Linking and the CPS
CPS Rotation Pattern
Households are in the CPS for a total of eight months. Respondents are included in the CPS for four consecutive months, then are not interviewed for the next eight months. Respondents are then included in the CPS again for the next four months.
This video tutorial explains the CPS panel rotation pattern and introduces the CPS Rotation Pattern Exploration Station (RoPES)
The CPS Rotation Pattern Exploration Station is a tool to help users visualize what samples have linkable records.
CPSID and CPSIDP
CPSID is a 14-digit number that uniquely identifies households across months. CPSID is made up of the year in which the household first enters the CPS,
the month in which the household first enters the CPS,
and the serial number that uniquely identifies the household within a given month.
CPSIDP is used to link persons across months. For each person in the household, CPSIDP appends a unique person identifier to the end of their household's CPSID value.
CPSIDP identifies people everytime they appear in the Current Population Survey. The variable MISH indicates the respondent's "month-in-sample" - that is where in the CPS rotation pattern a respondent falls in a given month. MISH has values of 1-8; persons have MISH values of 1-4 before the 8-month break and values of 5-8 after this break.
ASEC vs March Basic Monthly Survey
When constructing CPS panels, we recommend using either the March Basic Monthly Survey (BMS) or the ASEC from any given year. Because the ASEC includes all individuals in the March BMS from a given year as well as oversample individuals from different months of the CPS, including both the March BMS and the ASEC as part of a panel essentially results in two records from the same month for all individuals in both the BMS and the ASEC. Rather, users should choose either the March BMS or the ASEC to include as part of their panel. The ASEc includes nearly all information from the March BMS in addition to variables from the Annual Social and Economic supplement.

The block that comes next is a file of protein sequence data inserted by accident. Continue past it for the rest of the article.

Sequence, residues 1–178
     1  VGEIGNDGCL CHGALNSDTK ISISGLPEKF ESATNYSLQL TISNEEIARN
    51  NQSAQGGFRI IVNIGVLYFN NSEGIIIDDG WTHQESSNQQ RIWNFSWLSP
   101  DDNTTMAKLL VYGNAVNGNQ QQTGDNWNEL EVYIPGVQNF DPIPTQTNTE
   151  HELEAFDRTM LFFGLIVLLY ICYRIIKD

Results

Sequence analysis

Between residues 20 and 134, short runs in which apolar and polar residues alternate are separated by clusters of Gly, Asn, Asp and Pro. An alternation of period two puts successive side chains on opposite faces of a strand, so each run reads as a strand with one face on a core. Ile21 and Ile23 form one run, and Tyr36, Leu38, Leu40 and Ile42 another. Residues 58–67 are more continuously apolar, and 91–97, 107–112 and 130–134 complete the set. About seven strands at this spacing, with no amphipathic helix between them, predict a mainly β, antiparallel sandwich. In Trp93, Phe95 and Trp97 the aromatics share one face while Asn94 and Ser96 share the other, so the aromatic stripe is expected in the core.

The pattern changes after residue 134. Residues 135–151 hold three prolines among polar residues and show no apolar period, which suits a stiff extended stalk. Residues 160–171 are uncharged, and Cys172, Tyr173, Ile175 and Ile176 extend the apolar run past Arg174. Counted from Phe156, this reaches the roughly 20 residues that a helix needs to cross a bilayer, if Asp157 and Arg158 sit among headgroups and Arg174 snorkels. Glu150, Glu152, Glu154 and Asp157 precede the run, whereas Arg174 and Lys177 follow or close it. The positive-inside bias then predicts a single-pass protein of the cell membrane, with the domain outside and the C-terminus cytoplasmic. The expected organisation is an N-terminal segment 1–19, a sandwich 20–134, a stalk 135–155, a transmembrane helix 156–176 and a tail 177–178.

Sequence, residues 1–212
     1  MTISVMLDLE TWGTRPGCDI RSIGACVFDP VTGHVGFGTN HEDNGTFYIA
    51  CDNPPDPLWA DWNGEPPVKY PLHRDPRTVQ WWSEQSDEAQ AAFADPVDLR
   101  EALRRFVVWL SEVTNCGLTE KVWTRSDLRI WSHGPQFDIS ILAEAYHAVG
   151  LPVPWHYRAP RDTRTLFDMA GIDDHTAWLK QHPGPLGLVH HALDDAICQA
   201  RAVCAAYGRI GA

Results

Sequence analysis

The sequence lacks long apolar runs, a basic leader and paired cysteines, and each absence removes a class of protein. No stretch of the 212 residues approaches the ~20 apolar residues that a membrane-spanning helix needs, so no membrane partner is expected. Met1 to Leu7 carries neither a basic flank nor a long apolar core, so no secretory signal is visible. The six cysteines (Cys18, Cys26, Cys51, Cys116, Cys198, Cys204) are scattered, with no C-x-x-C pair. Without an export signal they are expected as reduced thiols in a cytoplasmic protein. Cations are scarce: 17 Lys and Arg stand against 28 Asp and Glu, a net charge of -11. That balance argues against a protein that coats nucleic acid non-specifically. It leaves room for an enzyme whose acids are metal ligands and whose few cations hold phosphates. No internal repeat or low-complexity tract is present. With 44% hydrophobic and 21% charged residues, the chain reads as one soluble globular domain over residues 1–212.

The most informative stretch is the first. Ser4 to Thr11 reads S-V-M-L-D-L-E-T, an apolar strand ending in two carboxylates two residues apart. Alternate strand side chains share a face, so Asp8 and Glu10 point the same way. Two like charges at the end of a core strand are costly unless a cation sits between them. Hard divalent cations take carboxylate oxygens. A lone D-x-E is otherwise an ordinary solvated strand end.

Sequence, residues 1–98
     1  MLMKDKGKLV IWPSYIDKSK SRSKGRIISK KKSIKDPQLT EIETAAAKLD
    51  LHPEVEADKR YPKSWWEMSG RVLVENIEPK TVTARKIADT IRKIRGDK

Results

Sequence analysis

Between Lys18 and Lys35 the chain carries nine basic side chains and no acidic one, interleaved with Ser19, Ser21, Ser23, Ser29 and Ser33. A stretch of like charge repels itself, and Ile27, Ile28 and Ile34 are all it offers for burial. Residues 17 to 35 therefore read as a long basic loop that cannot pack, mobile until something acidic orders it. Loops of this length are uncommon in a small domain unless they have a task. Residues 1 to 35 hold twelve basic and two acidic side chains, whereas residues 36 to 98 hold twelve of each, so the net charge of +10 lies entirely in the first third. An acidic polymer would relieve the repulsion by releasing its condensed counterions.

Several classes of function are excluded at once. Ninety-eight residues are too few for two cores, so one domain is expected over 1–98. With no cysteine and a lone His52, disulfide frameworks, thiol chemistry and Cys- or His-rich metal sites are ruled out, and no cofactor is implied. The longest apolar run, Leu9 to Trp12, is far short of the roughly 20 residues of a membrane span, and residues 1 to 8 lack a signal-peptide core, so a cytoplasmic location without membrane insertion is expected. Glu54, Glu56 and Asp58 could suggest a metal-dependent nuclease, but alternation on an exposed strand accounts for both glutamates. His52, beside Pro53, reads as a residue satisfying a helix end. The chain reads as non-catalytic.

Users should note that when performing this merge, some individuals in the ASEC will not to match to the March BMS because of the ASEC oversamples. ASEC oversample records are indicated by the variable ASECOVERP.
While we recommend choosing either the March BMS or the ASEC as part of a CPS panel, there are certainly instances when a user might want information from both files to use in the panel. For example, you may want information about respondent HEALTH or POVERTY, which are only available in the ASEC. In that case, we recommend first merging the ASEC onto the March BMS before linking to other BMS months you wish to analyze.
CPSIDP vs MARBASECIDP
CPSIDP should be used for all linking requirements across BMS months and to link ASEC to BMS months. MARBASECID will also correctly link the ASEC to the March Basic Monthly. However, it is not necessary to first link the ASEC to the March BMS before linking the ASEC information to other months; CPDIDP will make all possible links on its own. For more information on MARBASECIDP, see detailed documentation here.
Weighting Linked Datasets